Interpretation Very small but persistent benefits are shown for patient-rated mobility scores when treatment is initiated with levodopa compared with levodopa-sparing therapy. MAOBI as initial levodopa-sparing therapy was at least as effective as dopamine agonists.

Original languageEnglish
Pages (from-to)1196-1205
Number of pages10
JournalThe Lancet
Volume384
Issue number9949
Early online date11 Jun 2014
DOIs
Publication statusPublished - 27 Sep 2014

Keywords

  • quality-of-life
  • questionnaire PDQ-39
  • progression
  • therapy
  • trials

Cite this

Long-term effectiveness of dopamine agonists and monoamine oxidase B inhibitors compared with levodopa as initial treatment for Parkinson's disease (PD MED) : a large, open-label, pragmatic randomised. / Gray, Richard; Ives, Natalie; Rick, Caroline; Patel, Smitaa; Gray, Alastair; Jenkinson, Crispin; McIntosh, Emma; Wheatley, Keith; Williams, Adrian; Clarke, Carl E.; Sandercock, P.; Baigent, C.; Crome, P.; Williams, A.; Abbott, R.; Baker, M.; Castleton, B.; Clarke, C. E.; Counsell, C.; Deb, A. K.; Fairweather, S.; Fitzpatrick, R.; Gray, A.; Ives, N.; Jenkinson, C.; MacPhee, G.; Malone, T.; Mant, D.; McIntosh, E.; Ming, A.; Morrish, P.; Ohri, P.; Pearce, V.; Wood, B.; Worth, P.; Au, P.; Boodell, T.; Cheed, V.; Clarke, C. E.; Daniels, J.; Dowling, F.; Edmondson, A.; Caie, L.; Caslake, R.; Counsell, C.; Crowley, P.; Gordon, J.; Harris, C.; Macleod, M. A.; Taylor, K.; PD MED Collaborative Grp.

In: The Lancet, Vol. 384, No. 9949, 27.09.2014, p. 1196-1205.

Research output: Contribution to journalArticle

Gray, R, Ives, N, Rick, C, Patel, S, Gray, A, Jenkinson, C, McIntosh, E, Wheatley, K, Williams, A, Clarke, CE, Sandercock, P, Baigent, C, Crome, P, Williams, A, Abbott, R, Baker, M, Castleton, B, Clarke, CE, Counsell, C, Deb, AK, Fairweather, S, Fitzpatrick, R, Gray, A, Ives, N, Jenkinson, C, MacPhee, G, Malone, T, Mant, D, McIntosh, E, Ming, A, Morrish, P, Ohri, P, Pearce, V, Wood, B, Worth, P, Au, P, Boodell, T, Cheed, V, Clarke, CE, Daniels, J, Dowling, F, Edmondson, A, Caie, L, Caslake, R, Counsell, C, Crowley, P, Gordon, J, Harris, C, Macleod, MA, Taylor, K & PD MED Collaborative Grp 2014, 'Long-term effectiveness of dopamine agonists and monoamine oxidase B inhibitors compared with levodopa as initial treatment for Parkinson's disease (PD MED): a large, open-label, pragmatic randomised', The Lancet, vol. 384, no. 9949, pp. 1196-1205. https://doi.org/10.1016/S0140-6736(14)60683-8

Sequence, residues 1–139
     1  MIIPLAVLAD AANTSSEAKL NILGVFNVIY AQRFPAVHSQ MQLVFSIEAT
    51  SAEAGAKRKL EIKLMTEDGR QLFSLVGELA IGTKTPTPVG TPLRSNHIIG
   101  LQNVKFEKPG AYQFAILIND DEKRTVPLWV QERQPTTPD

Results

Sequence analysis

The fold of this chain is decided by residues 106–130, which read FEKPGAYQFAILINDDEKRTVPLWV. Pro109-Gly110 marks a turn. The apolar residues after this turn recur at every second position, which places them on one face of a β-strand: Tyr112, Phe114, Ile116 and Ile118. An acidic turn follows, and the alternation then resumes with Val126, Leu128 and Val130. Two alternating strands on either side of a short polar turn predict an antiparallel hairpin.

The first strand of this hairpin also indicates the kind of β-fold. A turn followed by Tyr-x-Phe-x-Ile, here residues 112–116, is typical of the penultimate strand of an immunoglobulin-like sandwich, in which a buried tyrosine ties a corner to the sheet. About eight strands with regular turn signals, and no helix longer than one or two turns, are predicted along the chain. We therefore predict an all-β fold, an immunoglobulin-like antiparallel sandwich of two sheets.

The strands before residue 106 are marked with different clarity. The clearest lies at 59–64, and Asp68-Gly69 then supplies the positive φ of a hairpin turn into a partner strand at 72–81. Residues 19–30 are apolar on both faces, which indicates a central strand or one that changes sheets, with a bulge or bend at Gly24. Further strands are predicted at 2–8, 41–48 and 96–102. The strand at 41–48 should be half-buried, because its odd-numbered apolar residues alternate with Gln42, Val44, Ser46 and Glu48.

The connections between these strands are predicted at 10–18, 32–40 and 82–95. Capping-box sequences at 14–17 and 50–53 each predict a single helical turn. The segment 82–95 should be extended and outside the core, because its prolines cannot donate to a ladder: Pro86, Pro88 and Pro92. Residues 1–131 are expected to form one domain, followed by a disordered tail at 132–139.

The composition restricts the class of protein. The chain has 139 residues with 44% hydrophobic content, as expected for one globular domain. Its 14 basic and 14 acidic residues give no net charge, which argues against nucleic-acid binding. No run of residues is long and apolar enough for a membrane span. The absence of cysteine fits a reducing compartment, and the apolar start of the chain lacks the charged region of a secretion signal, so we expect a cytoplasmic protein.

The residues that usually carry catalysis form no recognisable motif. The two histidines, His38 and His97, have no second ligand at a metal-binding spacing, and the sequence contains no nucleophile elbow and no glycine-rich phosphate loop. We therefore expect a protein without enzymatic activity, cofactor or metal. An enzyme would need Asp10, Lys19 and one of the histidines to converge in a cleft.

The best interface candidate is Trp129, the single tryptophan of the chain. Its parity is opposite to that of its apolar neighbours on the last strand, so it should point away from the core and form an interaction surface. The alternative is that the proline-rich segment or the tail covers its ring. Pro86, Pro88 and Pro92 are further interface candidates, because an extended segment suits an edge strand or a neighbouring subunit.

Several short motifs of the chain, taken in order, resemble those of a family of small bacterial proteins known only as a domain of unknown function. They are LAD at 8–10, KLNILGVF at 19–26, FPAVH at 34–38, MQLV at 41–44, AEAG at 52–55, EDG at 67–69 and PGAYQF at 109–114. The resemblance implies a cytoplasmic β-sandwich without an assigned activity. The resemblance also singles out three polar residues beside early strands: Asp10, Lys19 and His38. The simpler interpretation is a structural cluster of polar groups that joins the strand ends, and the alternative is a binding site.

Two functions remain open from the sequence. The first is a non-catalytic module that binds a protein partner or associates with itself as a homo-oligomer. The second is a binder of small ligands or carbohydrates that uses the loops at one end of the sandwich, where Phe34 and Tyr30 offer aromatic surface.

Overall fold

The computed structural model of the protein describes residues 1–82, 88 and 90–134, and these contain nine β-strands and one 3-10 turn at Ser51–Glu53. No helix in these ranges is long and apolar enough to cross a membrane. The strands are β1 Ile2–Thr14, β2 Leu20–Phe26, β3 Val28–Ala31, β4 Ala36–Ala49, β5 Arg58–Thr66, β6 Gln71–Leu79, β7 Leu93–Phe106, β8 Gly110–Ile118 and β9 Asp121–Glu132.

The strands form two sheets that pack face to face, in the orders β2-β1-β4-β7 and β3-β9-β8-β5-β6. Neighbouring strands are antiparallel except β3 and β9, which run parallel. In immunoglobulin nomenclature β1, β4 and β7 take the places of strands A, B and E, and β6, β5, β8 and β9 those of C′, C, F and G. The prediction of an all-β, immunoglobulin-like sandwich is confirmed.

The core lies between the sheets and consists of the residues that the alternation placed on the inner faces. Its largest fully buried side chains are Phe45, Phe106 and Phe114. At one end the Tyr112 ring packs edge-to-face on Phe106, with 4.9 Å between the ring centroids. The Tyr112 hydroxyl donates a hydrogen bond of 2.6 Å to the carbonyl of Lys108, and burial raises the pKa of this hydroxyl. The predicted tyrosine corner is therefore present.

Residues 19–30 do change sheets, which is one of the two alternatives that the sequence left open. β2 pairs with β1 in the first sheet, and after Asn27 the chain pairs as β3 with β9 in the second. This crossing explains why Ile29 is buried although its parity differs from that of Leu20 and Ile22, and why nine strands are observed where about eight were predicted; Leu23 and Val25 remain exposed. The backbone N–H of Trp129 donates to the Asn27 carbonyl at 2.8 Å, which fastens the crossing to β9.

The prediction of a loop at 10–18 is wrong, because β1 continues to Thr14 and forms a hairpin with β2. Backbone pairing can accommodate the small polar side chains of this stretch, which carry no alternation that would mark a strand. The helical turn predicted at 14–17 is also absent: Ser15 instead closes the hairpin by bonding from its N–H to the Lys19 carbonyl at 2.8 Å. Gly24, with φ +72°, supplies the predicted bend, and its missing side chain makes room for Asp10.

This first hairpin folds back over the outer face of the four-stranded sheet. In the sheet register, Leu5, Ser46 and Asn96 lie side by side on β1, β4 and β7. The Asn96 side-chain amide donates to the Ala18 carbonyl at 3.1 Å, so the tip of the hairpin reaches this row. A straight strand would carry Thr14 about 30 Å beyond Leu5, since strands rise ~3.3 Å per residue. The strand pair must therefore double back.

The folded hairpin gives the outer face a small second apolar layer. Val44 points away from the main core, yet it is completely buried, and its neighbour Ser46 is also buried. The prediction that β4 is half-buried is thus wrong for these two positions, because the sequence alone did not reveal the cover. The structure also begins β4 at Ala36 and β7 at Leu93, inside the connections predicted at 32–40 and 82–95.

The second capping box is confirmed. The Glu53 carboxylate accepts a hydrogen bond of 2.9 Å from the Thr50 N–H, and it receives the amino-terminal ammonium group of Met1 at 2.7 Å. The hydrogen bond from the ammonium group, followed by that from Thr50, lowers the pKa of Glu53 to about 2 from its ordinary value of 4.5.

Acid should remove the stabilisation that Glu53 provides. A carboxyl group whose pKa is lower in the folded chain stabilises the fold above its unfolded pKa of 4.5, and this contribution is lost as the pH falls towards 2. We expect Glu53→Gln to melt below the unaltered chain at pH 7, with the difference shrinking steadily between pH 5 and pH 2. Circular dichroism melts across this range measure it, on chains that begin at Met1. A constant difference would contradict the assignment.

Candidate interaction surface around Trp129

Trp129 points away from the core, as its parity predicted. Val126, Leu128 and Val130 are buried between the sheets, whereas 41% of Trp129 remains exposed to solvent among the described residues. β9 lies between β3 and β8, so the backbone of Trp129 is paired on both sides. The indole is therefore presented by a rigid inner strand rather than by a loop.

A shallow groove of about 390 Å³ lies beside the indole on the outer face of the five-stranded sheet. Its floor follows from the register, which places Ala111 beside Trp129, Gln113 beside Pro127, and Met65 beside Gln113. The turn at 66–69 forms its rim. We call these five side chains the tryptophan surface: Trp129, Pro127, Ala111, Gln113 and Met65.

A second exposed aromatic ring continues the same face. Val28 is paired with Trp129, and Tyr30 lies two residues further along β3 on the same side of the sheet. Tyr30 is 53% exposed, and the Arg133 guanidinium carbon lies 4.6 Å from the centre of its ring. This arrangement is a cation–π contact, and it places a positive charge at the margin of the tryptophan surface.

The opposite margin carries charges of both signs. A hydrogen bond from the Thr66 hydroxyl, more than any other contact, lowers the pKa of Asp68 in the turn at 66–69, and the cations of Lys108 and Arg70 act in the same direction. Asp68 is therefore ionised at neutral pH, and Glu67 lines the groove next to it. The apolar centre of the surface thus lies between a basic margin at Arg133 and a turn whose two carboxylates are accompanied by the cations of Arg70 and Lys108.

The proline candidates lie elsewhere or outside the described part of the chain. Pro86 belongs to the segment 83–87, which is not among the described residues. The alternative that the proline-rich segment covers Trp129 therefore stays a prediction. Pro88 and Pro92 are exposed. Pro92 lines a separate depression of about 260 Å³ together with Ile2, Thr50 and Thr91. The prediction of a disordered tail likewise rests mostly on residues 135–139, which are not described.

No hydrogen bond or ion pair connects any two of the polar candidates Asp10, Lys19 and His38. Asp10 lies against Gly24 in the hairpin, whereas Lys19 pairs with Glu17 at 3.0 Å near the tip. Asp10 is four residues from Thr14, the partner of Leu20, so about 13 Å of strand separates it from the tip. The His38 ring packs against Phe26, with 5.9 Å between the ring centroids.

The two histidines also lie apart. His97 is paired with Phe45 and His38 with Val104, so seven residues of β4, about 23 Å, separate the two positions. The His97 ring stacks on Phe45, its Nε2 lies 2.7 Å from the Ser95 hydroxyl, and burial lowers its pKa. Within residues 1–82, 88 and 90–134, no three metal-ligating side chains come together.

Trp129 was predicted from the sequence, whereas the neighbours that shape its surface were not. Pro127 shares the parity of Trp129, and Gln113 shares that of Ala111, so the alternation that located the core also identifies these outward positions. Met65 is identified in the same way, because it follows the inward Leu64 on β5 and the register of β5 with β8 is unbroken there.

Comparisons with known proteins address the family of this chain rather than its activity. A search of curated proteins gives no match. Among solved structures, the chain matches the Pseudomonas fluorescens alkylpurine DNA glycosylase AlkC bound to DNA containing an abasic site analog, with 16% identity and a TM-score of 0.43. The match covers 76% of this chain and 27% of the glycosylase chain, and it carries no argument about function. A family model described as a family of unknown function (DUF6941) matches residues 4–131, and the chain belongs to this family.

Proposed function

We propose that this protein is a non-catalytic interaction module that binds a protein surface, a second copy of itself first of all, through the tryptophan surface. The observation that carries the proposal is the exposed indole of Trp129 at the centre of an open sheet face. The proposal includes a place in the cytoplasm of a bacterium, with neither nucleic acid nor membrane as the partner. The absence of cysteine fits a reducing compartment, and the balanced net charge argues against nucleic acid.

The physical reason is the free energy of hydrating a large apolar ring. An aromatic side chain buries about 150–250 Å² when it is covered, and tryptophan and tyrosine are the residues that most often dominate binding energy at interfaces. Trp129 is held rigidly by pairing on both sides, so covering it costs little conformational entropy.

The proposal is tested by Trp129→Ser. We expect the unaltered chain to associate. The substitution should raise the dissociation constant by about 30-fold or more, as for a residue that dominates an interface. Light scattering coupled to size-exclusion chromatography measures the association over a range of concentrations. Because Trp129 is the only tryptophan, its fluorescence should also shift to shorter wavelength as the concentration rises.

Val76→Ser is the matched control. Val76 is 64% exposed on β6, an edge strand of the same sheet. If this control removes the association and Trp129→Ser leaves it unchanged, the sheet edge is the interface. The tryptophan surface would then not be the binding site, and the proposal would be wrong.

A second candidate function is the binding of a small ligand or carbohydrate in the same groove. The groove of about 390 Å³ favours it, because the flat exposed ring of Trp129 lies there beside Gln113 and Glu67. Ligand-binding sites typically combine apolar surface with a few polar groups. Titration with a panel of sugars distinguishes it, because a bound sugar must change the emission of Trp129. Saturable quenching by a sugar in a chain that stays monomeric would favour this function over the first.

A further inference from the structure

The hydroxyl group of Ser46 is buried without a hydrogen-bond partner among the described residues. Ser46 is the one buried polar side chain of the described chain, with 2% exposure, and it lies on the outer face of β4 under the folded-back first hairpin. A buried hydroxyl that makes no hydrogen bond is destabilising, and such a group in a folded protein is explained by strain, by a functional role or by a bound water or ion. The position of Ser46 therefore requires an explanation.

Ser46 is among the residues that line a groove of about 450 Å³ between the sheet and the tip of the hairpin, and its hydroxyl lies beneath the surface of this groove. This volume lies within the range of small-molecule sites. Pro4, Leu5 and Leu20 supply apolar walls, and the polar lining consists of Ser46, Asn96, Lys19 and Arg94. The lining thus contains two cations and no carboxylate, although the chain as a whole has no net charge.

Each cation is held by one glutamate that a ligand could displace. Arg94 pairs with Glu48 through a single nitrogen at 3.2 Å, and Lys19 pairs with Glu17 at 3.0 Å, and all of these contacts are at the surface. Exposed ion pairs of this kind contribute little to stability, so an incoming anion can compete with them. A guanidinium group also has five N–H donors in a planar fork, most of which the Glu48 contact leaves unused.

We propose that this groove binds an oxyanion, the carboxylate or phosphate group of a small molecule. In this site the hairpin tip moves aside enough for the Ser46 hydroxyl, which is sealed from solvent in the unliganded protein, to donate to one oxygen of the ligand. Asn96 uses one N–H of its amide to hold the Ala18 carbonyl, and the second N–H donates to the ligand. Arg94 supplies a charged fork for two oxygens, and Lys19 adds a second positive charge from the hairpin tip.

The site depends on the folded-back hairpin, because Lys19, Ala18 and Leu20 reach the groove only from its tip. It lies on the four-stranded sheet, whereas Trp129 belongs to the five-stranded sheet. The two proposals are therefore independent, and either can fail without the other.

Gray, Richard ; Ives, Natalie ; Rick, Caroline ; Patel, Smitaa ; Gray, Alastair ; Jenkinson, Crispin ; McIntosh, Emma ; Wheatley, Keith ; Williams, Adrian ; Clarke, Carl E. ; Sandercock, P. ; Baigent, C. ; Crome, P. ; Williams, A. ; Abbott, R. ; Baker, M. ; Castleton, B. ; Clarke, C. E. ; Counsell, C. ; Deb, A. K. ; Fairweather, S. ; Fitzpatrick, R. ; Gray, A. ; Ives, N. ; Jenkinson, C. ; MacPhee, G. ; Malone, T. ; Mant, D. ; McIntosh, E. ; Ming, A. ; Morrish, P. ; Ohri, P. ; Pearce, V. ; Wood, B. ; Worth, P. ; Au, P. ; Boodell, T. ; Cheed, V. ; Clarke, C. E. ; Daniels, J. ; Dowling, F. ; Edmondson, A. ; Caie, L. ; Caslake, R. ; Counsell, C. ; Crowley, P. ; Gordon, J. ; Harris, C. ; Macleod, M. A. ; Taylor, K. ; PD MED Collaborative Grp. / Long-term effectiveness of dopamine agonists and monoamine oxidase B inhibitors compared with levodopa as initial treatment for Parkinson's disease (PD MED) : a large, open-label, pragmatic randomised. In: The Lancet. 2014 ; Vol. 384, No. 9949. pp. 1196-1205.